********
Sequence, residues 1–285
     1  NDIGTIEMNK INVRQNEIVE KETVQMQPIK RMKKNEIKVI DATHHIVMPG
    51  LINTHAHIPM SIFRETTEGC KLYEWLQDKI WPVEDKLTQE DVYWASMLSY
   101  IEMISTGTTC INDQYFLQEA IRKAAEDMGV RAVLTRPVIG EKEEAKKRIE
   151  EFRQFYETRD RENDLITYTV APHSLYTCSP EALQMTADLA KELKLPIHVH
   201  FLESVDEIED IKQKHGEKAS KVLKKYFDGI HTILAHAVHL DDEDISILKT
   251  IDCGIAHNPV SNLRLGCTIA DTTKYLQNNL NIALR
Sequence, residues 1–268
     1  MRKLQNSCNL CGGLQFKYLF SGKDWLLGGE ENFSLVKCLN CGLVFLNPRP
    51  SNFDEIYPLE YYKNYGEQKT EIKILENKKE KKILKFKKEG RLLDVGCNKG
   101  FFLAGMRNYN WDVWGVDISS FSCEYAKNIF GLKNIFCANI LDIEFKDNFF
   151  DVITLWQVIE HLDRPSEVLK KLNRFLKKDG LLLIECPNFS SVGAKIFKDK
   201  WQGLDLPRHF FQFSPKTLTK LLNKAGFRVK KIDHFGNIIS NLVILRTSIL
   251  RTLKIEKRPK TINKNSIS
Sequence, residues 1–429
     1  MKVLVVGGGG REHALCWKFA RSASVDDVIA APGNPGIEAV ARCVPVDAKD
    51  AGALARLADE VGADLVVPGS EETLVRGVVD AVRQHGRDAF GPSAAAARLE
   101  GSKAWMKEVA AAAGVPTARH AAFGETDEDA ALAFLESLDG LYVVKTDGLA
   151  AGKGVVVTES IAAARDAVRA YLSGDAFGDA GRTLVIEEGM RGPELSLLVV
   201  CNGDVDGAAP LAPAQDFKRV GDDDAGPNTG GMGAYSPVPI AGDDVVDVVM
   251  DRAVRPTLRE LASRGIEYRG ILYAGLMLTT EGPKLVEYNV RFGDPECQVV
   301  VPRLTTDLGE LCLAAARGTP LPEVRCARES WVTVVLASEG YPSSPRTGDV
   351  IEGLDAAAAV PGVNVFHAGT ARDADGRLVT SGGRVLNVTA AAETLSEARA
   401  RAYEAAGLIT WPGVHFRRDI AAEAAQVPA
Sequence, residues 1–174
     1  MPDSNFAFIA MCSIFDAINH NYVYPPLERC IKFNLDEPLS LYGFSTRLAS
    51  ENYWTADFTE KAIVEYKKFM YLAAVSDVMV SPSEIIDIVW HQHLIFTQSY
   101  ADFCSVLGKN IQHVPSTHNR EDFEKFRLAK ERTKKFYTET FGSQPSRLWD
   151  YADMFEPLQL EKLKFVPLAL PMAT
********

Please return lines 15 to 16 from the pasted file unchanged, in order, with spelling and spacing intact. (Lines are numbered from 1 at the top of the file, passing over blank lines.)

Sequence, residues 1–429
     1  MKVLVVGGGG REHALCWKFA RSASVDDVIA APGNPGIEAV ARCVPVDAKD